Last updated on June 27th, 2019 at 12:48 pm
Harley-Davidson’s financing business is seeking nearly $6.3 million from the owner of dealerships in Janesville and New Berlin, alleging check and inventory fraud and breach of contract.
In addition, court records also show the owners of Iron Town Harley-Davidson, located at 1925 S. Moorland Road in New Berlin, plan to sell the dealership to focus on their Janesville dealership, Broadtracker Harley-Davidson.
Sara and Eric Pomeroy bought the Iron Town dealership, formerly known as Hal’s Harley-Davidson, in 2016.
Eric Pomeroy did not respond to an email seeking comment on the case. Harley-Davidson declined to comment citing the ongoing nature of the litigation.
Harley-Davidson Credit Corp. filed a lawsuit this week in the U.S. District Court for Western Wisconsin alleging the dealerships had been selling merchandise and retaining the proceeds instead of repaying loans made by Harley.
The complaint alleges that HDCC discovered last fall that JHD Holding Inc., which runs Broadtracker, and H2D Motorcycle Ventures LLC, which runs Iron Town, owed the credit company more than $1.3 million.
The total allegedly included nearly $760,000 for sale out of trust transactions where HDCC had financed the dealerships’ purchase of motorcycles. The dealerships had sold the bikes but not yet paid the financing company back.
Harley sent letters to the dealerships seeking payment and expressing “series concerns” about the dealerships “declining financial condition and is ability to pay its debts.”
The dealerships scheduled electronic transfers on multiple occasions that allegedly could not be completed because of a lack of funds. The transactions were completed several days later, according to the complaint.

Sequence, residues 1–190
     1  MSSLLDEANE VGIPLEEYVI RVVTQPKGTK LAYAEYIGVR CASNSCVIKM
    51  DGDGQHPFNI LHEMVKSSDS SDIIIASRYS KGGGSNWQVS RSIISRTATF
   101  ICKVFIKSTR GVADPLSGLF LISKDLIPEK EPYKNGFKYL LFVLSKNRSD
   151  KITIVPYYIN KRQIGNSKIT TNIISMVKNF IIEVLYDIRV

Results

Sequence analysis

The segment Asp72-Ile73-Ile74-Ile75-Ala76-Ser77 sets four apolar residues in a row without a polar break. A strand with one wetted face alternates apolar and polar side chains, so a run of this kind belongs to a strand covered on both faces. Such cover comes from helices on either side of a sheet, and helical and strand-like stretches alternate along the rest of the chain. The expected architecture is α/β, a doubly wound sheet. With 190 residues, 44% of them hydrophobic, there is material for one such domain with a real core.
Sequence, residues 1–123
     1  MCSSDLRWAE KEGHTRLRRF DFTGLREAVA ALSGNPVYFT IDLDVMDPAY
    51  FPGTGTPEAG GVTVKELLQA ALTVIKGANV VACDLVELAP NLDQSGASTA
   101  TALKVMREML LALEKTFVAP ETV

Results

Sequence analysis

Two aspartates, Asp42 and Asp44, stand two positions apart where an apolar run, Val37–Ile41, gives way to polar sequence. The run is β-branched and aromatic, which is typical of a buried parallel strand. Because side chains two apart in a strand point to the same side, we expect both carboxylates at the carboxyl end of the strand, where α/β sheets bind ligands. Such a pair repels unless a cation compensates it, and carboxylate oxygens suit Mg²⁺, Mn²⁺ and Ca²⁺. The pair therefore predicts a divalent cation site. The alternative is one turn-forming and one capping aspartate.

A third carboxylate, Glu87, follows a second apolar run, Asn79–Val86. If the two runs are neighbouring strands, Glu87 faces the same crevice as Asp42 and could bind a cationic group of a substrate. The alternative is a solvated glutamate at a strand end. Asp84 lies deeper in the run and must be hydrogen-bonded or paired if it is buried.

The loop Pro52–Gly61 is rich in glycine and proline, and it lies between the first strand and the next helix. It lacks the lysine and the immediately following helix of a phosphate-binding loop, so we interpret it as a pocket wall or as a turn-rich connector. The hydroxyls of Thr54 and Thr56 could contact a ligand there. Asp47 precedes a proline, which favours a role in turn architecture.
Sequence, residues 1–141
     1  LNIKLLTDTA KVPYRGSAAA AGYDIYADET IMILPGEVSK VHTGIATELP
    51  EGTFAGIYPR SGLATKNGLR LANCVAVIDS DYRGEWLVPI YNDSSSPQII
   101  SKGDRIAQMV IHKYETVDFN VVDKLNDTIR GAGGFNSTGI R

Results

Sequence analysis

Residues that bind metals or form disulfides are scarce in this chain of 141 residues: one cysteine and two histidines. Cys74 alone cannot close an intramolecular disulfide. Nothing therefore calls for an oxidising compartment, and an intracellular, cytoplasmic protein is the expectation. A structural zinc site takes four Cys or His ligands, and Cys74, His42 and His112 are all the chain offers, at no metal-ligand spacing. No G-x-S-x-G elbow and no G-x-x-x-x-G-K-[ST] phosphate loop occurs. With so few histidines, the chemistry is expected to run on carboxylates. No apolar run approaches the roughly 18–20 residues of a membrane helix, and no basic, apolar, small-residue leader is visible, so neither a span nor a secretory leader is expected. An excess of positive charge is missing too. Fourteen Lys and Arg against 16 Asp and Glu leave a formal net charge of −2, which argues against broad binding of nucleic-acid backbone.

In a Jan. 18 email to Harley, Eric Pomeroy acknowledged the New Berlin dealership owed $994,000 and the Janesville store owed $536,000. He proposed having the stores pay $80,000 and $50,000 weekly to resolve the debt.
He also described a number of financing options he was pursuing and indicated he planned to sell the Iron Town location.
“I have engaged George Chaconas to sell of the New Berlin location and simply focus on the Janesville store, make it healthy and operate as it should. I recognize that right now the balances are large and my goal is to systematically retire this balance while the selling process happens,” the email, included in court documents, says.
Chaconas runs the Harley-Davidson and power sports division of California-based Performance Brokerage Services and helped broker the Pomeroys’ purchase the Janesville and New Berlin dealerships.
Performance Brokerage Services also sued the Pomeroys in the U.S. Middle District of Florida court last year over roughly $524,000 in commissions related to the purchase of the New Berlin dealership. The parties settled the case in December.
Harley created forbearance agreements with both dealerships in late January that established payment schedules. It also allowed the dealerships to get financing for an additional new motorcycle for every two that Harley received full payment for.
The New Berlin agreement also gave the Pomeroys until March 25 to reach an agreement with a buyer for the Iron Town dealership.
The forbearance agreements were never signed, but the parties followed and intended to execute them, the complaint says.
There were allegedly other instances of payments not being completed after establishing that the two sides agreed to payment schedules. In one email, Pomeroy faulted subzero temperatures in late January that he said prevented anyone from getting to the store to close out purchases and work orders.
“I’m sorry,” Pomeroy wrote. “Certainly ‐50 degrees and multiple snow days in the last 8 days wasn’t in our plan and not conducive to the motorcycle business. The good news is it will be 40 by Saturday. I will get us back in line once we can open!”
A Harley audit in February allegedly revealed 32 motorcycles that were financed through Harley had been sent to an auction and had not been paid for. The auction company allegedly had already advanced the dealership payment for the bikes in some cases three weeks before the audit, but Harley had not been paid at all by the dealership, according to the complaint.
Harley filed its lawsuit on Tuesday, seeking a combined $6,290,340 from the dealerships. The company also sought a temporary restraining order blocking the dealerships from selling additional products financed through the company.
Federal court judge James Peterson declined to grant that order, noting it “would essentially require defendants to temporarily close their business.” Peterson did issue an order requiring the dealerships to pay any proceeds from financed merchandise sales to the company.
Another hearing in the case was also set for next week.